Todd Bender founded CityKidz over 20 years ago and it has become a huge organization in Hamilton with branches in Ottawa and Regina. I decided I would visit the CityKidz headquarters, bring the toys I bought, get a tax receipt and see if Todd wouldn’t sit down with me to tell his story.

I talk about saving and investing and even spending your money, but I don’t talk as much as I should about giving away some of that money to those who might need it a bit more than you. The holidays are when we can all take a break from our daily lives, spend time with family and friends and reflect on what’s important to us.

It’s important to me that there is more giving in my life. Maybe not always money or things, but time as well. We all have skills and talents and we use them to make money, but they can also be given.

I’d like to thank J. Money and Rockstar Finance for inspiring me to put together this holiday giving episode and the last episode of 2017 where you will learn about Todd Bender and his amazing charity CityKidz.


14 - Mike Wickware


11 - Chad Sichello

December 14th, 2017


"I'm thinking about building Lego right now Dad. Talk to me about compound interest later, ok?" - Chad Sichello

Who will teach our kids about personal finance?

In Canada, parents can open a bank account for their kids when they are really young. But at what point do you give them access to that money? At what point do they get a debit card?

These are decisions every parent has to make eventually. But it’s not enough to give them access to the $1,000 that’s in their account one day and say: “Remember to spend responsibly.” Or “Did you know that if you save just $1 a day, you could have $100,000 by the time you are 65?”

Do you know how far away 65 is for a 12 year old?

The point is that you may not be the best person to teach your kids about money.

With kids, it’s not always about how much you know about money, it’s about how you communicate with them. And it’s about how they learn and how they engage.

That’s where Dojo comes in.

Dojo is an interactive tool to teach your kids about money. It’s a smartphone app and debit card that are connected to your kid’s bank account.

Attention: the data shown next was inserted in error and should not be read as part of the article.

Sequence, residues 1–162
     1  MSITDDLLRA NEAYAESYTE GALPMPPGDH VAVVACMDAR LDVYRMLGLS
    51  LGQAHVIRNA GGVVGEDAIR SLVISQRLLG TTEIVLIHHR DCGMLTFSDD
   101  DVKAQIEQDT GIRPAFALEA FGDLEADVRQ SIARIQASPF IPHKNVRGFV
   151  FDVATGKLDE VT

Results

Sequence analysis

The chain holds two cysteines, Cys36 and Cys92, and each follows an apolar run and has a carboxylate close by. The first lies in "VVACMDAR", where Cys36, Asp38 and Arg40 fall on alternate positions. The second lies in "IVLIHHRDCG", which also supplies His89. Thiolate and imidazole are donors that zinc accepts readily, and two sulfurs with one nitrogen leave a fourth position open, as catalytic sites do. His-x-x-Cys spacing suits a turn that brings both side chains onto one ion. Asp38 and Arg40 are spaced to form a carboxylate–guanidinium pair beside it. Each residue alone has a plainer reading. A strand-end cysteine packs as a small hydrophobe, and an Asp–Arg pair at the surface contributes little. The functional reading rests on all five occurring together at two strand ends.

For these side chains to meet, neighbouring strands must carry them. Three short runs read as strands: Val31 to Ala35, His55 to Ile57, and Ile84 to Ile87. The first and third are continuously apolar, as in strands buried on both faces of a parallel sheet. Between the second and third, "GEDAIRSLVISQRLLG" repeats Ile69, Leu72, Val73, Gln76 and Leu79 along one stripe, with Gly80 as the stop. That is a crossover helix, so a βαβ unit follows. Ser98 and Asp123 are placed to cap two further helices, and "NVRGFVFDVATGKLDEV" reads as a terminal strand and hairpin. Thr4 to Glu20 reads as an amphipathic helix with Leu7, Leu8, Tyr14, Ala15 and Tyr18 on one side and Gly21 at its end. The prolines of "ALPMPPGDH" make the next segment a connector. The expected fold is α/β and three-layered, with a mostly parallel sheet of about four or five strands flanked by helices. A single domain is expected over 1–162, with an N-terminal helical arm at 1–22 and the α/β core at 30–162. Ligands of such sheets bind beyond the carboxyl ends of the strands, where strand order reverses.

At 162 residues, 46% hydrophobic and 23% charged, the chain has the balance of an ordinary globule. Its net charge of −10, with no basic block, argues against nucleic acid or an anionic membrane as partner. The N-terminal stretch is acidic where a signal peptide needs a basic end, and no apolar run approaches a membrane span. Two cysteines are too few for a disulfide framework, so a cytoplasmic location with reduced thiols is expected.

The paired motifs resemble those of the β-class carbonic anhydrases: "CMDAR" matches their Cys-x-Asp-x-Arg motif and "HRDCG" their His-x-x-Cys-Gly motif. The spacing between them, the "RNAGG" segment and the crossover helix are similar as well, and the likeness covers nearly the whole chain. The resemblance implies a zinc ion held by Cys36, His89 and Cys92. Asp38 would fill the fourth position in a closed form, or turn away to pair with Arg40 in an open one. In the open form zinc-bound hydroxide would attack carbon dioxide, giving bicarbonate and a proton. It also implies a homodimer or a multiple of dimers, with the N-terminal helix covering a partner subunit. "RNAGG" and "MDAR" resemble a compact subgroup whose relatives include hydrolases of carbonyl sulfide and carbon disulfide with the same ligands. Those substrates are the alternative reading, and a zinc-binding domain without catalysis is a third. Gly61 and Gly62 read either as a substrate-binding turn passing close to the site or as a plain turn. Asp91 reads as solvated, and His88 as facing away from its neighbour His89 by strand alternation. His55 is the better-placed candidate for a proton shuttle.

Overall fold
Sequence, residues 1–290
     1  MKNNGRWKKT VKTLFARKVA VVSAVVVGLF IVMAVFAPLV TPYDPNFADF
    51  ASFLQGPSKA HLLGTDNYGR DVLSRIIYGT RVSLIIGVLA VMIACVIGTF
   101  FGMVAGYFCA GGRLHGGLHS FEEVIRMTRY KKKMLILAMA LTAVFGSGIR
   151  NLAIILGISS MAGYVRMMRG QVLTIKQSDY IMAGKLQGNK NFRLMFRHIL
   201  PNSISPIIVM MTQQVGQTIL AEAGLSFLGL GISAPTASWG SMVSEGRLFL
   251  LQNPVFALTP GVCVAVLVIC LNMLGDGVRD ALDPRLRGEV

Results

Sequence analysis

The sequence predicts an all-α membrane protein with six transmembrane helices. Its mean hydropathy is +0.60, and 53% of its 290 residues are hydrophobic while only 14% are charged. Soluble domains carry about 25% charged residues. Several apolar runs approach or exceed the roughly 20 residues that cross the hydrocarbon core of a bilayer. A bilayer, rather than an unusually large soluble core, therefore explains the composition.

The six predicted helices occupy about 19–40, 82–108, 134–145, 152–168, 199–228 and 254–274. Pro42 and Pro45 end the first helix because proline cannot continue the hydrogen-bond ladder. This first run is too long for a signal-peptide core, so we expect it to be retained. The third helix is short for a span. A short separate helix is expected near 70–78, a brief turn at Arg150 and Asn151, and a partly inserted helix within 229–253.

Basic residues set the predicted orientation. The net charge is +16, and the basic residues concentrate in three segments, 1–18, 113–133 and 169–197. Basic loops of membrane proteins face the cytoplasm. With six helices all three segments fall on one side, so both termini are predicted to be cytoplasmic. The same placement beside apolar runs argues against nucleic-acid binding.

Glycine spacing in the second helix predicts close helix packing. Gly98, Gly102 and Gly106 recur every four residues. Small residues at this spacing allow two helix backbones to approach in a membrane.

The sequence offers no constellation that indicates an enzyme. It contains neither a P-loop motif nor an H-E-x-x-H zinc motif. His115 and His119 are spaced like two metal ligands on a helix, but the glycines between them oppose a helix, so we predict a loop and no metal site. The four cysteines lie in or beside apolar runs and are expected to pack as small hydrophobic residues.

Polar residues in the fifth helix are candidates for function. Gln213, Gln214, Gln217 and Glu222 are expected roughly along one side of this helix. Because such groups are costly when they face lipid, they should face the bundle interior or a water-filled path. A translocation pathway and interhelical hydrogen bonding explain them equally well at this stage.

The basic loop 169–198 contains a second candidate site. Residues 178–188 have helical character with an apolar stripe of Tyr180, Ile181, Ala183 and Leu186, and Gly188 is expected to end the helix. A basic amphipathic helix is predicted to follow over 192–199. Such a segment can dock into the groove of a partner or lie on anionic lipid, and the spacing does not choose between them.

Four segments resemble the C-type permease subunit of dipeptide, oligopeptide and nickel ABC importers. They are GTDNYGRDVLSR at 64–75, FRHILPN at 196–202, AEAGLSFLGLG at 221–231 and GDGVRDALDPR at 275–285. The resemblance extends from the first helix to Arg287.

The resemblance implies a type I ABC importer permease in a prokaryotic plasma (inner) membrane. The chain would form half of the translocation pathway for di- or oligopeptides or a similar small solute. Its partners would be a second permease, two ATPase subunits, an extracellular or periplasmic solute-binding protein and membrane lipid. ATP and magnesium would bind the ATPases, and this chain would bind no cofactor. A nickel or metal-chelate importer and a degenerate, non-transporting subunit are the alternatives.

Parents get a version of the app that has all the spending controls and monitoring abilities. The kid gets the version that tracks their spending, and let’s them work towards savings goals of their own.

You can add money to the kid’s account easily by using the app and even set up things like a scheduled allowance. As a parent you get to see where your kid spends their money and help them make better decisions, in real time.

I originally met Chad Sichello, CEO & Co-Founder of Dojo, at the Payments Canada Summit in May of 2017.

I really liked the idea and I started telling people about it, but I would say “It’s credit cards for kids!” and everyone thought I was crazy.

Well, of course, it’s not credit cards, it’s debit cards, which I suppose makes more sense since you can’t get a credit card in Canada until you are 18.

But no matter the product or the interface, what I liked the most was the idea of raising money-smart kids and that Chad and his team took the time to figure out how kids are learning today, and they created a product that met them, as Chad says in the interview, “where they are”.

I was happy to see that Dojo had a booth at the SIBOS 2017 conference in Toronto and I really enjoyed chatting with Chad about how he’s working to make sure the next generation is even better at managing money than we are.

As Chad mentions in the interview, Dojo is currently only available through ATB Financial in Alberta, so if you’re an ATB customer and have kids, please try it out and let me know what you think.


12 - Personal Finance in East Africa